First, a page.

One obvious benefit is protection. With more birds there are more pairs of eyes to look out for danger. The feeding flocks in Sri Lankan lowland rainforests have taken this a stage further. They take with them, a security guard or a rather a pair of them. Rather interestingly, almost every significant feeding flock has a pair of Crested Drongos. They are seemingly ordinary, black coloured birds. Despite modest outward appearances, they make up in courage what they lack in visual appeal. These birds are rather plucky and will fearlessly attack even a sizeable bird of prey and ward it off. Consequently, it is not unusual to find other birds seeking a nest site near a Drongo’s nest. The Crested Drongo is also a nucleus species. Such a species being one which regularly occurs in a feeding flock and plays a central role in the social dynamics of it. Ornithologists have found that the Crested Drongo utter a special flock formation call to summon birds together. Another star in the nucleus species hierarchy is the Orange-billed Babbler. They keep up a constant medley of squeaks, scolding notes and chatter and seem to hold the flock together.
If one were to go in search of the elusive Red-faced Malkoha, one’s best chance would be to listen out for the Orange-billed Babbler. To the uninitiated this might seem puzzling. Not really, the Red-faced Malkoha is by and large silent, uttering at the most an occasional grunt. It is often a member of feeding flocks and discreetly occupies the mid and upper canopy. A person encountering a flock will be so mesmerized by the noise and movement of the Drongos and Babblers and brilliantly blue Black-naped Monarchs, the furtive Malkoha will be missed.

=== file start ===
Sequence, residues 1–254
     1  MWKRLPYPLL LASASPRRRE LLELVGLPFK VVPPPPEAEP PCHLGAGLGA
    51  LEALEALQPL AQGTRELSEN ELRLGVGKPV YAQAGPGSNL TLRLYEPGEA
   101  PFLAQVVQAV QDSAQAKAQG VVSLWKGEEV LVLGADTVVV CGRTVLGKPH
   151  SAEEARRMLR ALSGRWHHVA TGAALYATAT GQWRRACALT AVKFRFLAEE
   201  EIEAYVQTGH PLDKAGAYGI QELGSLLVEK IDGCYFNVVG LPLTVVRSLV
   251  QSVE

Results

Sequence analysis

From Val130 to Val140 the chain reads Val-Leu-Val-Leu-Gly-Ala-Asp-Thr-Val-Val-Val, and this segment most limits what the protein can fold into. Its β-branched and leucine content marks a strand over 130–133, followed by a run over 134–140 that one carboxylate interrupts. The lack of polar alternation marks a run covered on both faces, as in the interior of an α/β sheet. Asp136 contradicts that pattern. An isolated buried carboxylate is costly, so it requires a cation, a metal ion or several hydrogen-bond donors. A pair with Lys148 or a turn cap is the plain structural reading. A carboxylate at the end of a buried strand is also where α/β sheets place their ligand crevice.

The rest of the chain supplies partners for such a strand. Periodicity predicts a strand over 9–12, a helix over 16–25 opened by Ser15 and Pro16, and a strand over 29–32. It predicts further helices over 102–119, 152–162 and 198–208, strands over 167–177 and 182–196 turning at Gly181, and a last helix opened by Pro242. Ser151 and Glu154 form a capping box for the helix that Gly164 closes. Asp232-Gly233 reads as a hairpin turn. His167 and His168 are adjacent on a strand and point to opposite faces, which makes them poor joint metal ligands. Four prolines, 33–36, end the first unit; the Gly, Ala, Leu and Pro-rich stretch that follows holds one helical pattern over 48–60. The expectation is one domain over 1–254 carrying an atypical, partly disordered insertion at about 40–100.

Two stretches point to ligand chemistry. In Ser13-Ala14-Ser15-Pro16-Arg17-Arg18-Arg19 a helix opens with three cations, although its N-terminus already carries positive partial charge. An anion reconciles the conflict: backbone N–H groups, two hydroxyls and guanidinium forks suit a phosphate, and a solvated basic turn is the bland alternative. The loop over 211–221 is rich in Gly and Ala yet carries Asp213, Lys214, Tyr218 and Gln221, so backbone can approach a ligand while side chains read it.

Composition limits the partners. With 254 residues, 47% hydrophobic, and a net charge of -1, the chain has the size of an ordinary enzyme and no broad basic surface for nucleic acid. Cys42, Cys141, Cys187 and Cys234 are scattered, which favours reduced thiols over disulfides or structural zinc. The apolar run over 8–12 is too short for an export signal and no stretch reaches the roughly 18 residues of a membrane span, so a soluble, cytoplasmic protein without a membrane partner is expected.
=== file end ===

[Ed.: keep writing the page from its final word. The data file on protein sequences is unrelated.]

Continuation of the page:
This is why expertise in eco-tourism is so important. I had invited Dilshanee and Sanath along for a practical example of how expertise makes the difference between seeing or not seeing a sought after species, the ‘value added premium’ in expert eco-tourism.
The first loud chatter we heard was a loud chorus of excited voices behind Amila Salgado who was leading an Expert Rainforest Tour to young children from an international school. He paused besides the gushing stream and pointed out the butterflies. A Blue Mormon and Common Birdwing competed in the size stakes. A Great Eggfly flashed past with silver and blue patches on its wings. A Commander winged by in its curious humped, stiff winged style of flight. In the undergrowth, a Glad-eye Bushbrown perched motionlessly, hoping to be overlooked as a dead leaf with a circle of fungus. Amila pointed to a large land snail, an Acavus species. He explained how village folk use its viscous secretion as a high energy drink. As expected this evoked sounds of astonishment and revulsion. Amila vanished into the forest like a Pied Piper. The forest fell silent again except for the constant roar of the gushing stream.